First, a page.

The Simple Trick to Improve your Close Rate
Proof-Of-Concept and Trial Charter FTW
(just because this title is clickbait doesn’t make it less true)
Imagine this – you’re working on your biggest deal of the quarter. Things are going great. You’ve met with the key stakeholders, gotten buy-in from the decision maker, and the client seems ready to move forward. But then you hear the dreaded words.
“This seems like a great solution, but we really need to see it with our data/in our environment. Can we have a trial/proof-of-concept/sandbox?”
Your heart sinks. This is going to add at least another month to the sales cycle, maybe more. Plus, based on how trials/proofs-of-concept have gone in the past, you know your odds of closing the deal just cut in half.
Have no fear, fellow salesperson – Demo Solutions has your back. Feast your eyes upon the proof-of-concept charter and our 1 simple trick to improve your close rate.
Why is Proof-of-Concept or Trial Charter a simple trick to improve your close rate?
In my experience, when prospects ask for free trials or proofs-of-concept (is that the plural of proof-of-concept? Like attorneys general or sums total? English is dumb), they are asking for a few reasons. Sometimes they think their data is different than anyone else’s data (spoiler alert – it’s not), sometimes they’ve been burned by vendors before and don’t want to make the same mistake, and sometimes it’s because they like free stuff. Think about it – how many free trials have you signed up for that you immediately forgot about? This was the entire model for Columbia House, and we saw how that ended. And yes, plenty of trials do convert – but it’s a lot easier for a free trial of, say, Netflix, than it is for a free trial of a $50K or $100K/year piece of software.
We do trials. Is that the same as a Proof-of-Concept? Why are there so many words for this?
Well, as salespeople, we love to complicate things. So while this isn’t an official definition, here is how I use these terms:
A trial typically means free, or 100% refundable within a certain number of days (usually 14, sometimes 30). They are often customer-led, with minimal assistance from the vendor.
Depending on the product, trials can be full, where the environment is the same as production, partial, where features are limited, or completely vendor-controlled.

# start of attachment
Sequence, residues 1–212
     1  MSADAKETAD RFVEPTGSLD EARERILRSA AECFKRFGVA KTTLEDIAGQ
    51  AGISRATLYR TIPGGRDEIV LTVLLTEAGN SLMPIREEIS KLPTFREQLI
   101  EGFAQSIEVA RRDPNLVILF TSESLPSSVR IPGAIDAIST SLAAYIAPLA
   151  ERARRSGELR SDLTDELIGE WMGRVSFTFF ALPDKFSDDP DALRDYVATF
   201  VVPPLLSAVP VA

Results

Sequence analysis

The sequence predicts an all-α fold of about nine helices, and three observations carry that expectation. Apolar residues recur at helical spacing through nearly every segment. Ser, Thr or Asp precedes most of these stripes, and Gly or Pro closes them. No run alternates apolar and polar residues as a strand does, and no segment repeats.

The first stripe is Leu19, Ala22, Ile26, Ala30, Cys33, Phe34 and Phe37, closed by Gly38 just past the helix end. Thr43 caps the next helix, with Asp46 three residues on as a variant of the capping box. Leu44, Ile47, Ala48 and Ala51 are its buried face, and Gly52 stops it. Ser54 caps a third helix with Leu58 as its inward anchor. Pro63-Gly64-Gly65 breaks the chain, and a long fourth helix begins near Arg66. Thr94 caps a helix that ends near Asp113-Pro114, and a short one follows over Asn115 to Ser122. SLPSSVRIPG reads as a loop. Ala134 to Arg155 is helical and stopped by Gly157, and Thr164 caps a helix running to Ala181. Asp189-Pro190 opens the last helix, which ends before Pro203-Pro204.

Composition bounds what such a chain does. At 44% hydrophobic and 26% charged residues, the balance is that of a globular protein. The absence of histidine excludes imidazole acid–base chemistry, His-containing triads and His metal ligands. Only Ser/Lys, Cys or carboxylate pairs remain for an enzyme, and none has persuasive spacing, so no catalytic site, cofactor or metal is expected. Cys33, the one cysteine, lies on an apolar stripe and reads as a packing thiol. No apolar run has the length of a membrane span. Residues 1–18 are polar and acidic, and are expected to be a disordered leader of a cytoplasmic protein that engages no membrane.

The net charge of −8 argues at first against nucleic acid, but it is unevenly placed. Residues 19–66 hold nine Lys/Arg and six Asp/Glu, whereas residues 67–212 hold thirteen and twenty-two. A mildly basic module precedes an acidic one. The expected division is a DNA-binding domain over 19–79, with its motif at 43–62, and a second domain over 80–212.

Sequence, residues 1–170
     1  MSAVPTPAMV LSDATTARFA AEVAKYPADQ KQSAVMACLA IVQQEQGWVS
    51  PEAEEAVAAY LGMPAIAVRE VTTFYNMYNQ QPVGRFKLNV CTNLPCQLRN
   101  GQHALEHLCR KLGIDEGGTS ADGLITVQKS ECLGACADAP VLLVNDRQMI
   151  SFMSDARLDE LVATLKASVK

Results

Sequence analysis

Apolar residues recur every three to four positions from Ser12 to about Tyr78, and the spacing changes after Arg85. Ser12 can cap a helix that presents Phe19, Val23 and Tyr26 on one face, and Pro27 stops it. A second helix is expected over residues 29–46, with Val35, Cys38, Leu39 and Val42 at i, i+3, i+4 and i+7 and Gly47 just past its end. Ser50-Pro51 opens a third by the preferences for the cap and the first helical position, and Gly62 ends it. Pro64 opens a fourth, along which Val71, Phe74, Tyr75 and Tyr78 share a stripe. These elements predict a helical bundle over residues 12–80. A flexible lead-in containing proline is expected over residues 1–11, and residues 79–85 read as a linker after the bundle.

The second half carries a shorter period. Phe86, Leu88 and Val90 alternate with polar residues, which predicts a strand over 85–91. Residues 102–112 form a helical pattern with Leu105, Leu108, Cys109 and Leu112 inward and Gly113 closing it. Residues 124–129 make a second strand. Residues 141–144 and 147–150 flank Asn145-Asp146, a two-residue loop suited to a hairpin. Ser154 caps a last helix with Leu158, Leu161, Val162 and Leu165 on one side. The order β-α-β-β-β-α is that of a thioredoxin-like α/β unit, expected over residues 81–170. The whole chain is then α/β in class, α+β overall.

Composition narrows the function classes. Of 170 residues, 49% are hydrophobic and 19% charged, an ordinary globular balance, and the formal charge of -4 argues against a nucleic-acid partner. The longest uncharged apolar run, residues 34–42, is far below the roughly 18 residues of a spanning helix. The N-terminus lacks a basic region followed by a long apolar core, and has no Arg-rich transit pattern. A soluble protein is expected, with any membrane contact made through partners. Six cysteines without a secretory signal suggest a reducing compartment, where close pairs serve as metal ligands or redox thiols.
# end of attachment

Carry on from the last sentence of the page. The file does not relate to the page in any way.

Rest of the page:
Trials work best when there is minimal effort to instantiate or deploy an environment for the prospect to use. They typically only cost vendors server use, but with a low close rate, that can end up being quite expensive.
When offering a trial, vendors should consider the following carefully:
- How long will the trial last?
- Longer trials may allow the client to use more, but can not only delay revenue, but can lead to the client forgetting that they even signed up for the trial.
- Is it auto-flip?
- You can take a payment method up-front, and/or have a “cancel by” date in a contract, so when a certain date passes the contract goes in force. This can be effective, but be careful not to surprise the client or try to bury it in the fine print.
- How easy is the software to use, really?
- There’s a big difference between “you don’t need any training to use this software,” and “you definitely need to be trained to use the software.” If your software requires any form of training, don’t trust that the prospect is going to go through that training on their own. And, you could have the best documentation of all time, but no one Rs the FM, so don’t assume your prospect will figure out anything on their own.
If you’ve ever done any sort of woodworking or home improvement project, you probably are familiar with something called a pilot hole. Let’s say you’re trying to put some nails into a piece of wood, if you drill a small hole (a pilot hole) in the wood first, the nails don’t split the wood when you hammer them.